The following individual lessons are available over the web. See the Download section to obtain the full Teacher's Guide and Lesson Plans in Adobe Acrobat format.
Lesson 1: The Demise of the Great American Frontier: Westward Spread of American population from 1790 to 1900
In this lesson students are introduced to Frederick Jackson Turner and how early Census data, when combined visually with maps, effectively demonstrated the end of the frontier. By reading Turnerís essay and discussing this phenomenon, students learn why this was a significant turning point for America. Students also learn how to display data visually by developing a series of shaded maps using Census data to show the moving frontier.
Lesson 2: Writing a Play about Immigrant Life in America around 1910
Students view program segments involving immigration to the U.S. (Boas and Lathrop segments). Students discuss why immigrants came to America, what happened to immigrants in America, the settlement house movement, Hull House Maps and Papers, and also the Israel Zangwill hit play, The Melting Pot. Groups of students write short one-act plays that incorporate Zangwillís famous speech shown in the film about ďAmerica is Godís CrucibleóGod is making the American.Ē Each student has a role in the play. Research for the play must include some facts from the period which are integrated into the play, such as the origin of the immigrants and the challenges that immigrants faced. The play must surround the Zangwill speech with a context that makes sense.
Lesson 3: Debating scientific racism
Students will watch the second segment of the first tape on scientific racism. They should collect data on the two views (eugenics and its opponents). The class will be divided into three groups for a re-enactment of the debate on the floor of the U.S. Senate in 1924 about restricting immigration from Southern and Eastern Europe, believed by some at the time to be the home of inferior races.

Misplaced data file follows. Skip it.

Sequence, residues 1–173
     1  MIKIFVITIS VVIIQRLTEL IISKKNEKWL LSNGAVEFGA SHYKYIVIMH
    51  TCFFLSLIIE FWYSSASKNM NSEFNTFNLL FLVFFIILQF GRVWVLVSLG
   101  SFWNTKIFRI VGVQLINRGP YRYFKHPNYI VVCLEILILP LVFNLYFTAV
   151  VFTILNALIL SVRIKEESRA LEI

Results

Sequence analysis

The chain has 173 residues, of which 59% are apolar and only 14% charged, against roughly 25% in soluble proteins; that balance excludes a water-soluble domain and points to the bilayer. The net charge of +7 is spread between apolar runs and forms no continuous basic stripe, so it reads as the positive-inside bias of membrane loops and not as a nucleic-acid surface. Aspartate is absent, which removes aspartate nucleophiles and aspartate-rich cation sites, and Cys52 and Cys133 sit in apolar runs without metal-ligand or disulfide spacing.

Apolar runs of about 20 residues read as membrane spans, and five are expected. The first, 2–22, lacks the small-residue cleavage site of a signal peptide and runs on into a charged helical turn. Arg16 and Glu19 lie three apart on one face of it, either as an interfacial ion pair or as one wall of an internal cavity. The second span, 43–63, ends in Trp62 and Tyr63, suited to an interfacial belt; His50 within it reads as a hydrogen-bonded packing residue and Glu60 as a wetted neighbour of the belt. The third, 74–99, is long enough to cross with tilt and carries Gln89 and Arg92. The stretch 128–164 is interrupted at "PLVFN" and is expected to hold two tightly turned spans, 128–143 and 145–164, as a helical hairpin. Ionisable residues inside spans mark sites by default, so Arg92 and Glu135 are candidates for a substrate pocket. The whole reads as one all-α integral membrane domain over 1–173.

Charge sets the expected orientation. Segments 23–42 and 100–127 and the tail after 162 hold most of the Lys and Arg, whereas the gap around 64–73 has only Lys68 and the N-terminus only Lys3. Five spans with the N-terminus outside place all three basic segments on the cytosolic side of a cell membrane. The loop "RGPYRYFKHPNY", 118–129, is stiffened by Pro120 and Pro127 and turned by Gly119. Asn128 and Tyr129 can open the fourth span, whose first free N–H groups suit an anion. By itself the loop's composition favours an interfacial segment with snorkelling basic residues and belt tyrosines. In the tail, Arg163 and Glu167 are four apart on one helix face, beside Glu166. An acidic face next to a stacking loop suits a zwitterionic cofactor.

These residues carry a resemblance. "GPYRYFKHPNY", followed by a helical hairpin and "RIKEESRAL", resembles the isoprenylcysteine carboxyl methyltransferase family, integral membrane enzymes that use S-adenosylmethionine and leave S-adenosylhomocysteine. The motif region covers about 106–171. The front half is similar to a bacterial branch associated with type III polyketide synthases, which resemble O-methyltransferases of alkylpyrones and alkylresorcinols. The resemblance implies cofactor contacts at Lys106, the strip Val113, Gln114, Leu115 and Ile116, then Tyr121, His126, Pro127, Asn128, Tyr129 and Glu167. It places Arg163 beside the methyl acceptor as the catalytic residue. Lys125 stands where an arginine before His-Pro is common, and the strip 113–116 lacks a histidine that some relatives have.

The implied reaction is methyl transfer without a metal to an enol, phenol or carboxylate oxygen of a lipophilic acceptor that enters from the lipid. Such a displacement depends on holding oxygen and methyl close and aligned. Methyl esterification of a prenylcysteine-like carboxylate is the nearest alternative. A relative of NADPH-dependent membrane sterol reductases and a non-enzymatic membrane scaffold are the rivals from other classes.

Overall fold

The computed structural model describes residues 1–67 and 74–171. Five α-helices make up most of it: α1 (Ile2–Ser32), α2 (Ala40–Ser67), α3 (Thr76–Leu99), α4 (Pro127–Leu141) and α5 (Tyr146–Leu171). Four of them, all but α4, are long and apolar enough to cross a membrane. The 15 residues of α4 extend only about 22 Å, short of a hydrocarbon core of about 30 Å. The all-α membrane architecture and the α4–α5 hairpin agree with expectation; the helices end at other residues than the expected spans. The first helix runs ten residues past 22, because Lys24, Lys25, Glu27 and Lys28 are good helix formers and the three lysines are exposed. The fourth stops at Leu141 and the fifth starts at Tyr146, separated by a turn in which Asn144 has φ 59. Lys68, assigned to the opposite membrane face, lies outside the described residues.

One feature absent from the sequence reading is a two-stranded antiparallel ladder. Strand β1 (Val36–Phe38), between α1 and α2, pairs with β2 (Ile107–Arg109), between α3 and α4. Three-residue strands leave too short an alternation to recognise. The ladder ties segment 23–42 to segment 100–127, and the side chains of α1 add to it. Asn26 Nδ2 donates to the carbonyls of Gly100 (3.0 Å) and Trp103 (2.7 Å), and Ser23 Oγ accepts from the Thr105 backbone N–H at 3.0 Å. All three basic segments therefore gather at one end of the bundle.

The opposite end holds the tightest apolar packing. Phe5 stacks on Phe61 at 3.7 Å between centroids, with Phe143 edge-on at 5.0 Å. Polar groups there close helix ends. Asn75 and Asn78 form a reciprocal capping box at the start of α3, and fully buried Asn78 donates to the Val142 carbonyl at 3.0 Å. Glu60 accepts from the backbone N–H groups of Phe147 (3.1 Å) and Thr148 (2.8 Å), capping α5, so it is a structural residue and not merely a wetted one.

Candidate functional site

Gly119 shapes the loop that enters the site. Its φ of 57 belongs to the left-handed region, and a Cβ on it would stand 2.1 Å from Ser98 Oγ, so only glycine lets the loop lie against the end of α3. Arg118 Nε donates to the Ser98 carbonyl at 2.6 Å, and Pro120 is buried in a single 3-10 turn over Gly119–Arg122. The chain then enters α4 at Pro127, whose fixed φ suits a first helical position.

Lesson 4: The History and Use of Sampling Methods
Students learn about sampling by tracing improvements in sampling procedures over the twentieth century. Scientific inquiries involving flawed sampling are illustrated and discussed using the Literary Digest poll in 1936 and the Gallup presidential poll of 1948. Scientific inquiries involving improved sampling methods are illustrated and discussed using Gallupís quota sample in 1936 and the random probability samples used today to illustrate the power of good sampling. Students will apply concepts through sampling exercises.
Lesson 5: The Introduction and Diffusion of Household Technology
Students research and develop a matrix describing the introduction and spread of common household items, such as electricity, refrigeration and cell phones, from 1900 to 2000 in the U.S. Each section of the matrix will represent a 10-year period. Where available, statistics for the items will be included. The matrix will be used by students to construct a timeline of household technologies.
Lesson 6: The Great Depression: What would it be like today?
In this lesson students calculate the percentage decline in factors affecting the quality of life such as wages and unemployment, from before the Depression to the beginning of the New Deal. Students then calculate what the same percentage decline for these factors would mean for their lives if it happened today.
Lesson 7: Using Data Collection to Create a Portrait of Your Town
Students are provided an outline of the Lyndsí topics and methods used in the best-selling Middletown. Students then research and collect data on their own city or region to develop a portrait of their location over the last century using methods similar to those of the Lynds. Different assignments are given to each student for information and data collection, interviewing, and collecting images and major events. Data collected will include information under each of the Lyndsí six major themes: getting a living, making a home, raising the young, using leisure time, practicing religion, and community life. Students then work together in small groups to develop their work for a joint publication in which they will have an editor, a publisher, and contributing authors for each chapter. Students will copy and bind their collective work for the publication.
Lesson 8: How Typical or Atypical Is Your Community?
When the Lynds went to Muncie, Indiana in 1924 they were looking for a typical American community. They were looking for an average, ordinary community. The fact that Middletown was ordinary, made it extremely valuable as a scientific research site. Middletown was (and is) representative of the United States. For many measurements, Middletown was (and is) near the national average.
How typical is your community? Do people in your community have more or less education than the national average? What about incomes? Family size? House prices? In this lesson, students will research and use available data to find out the answers to these questions.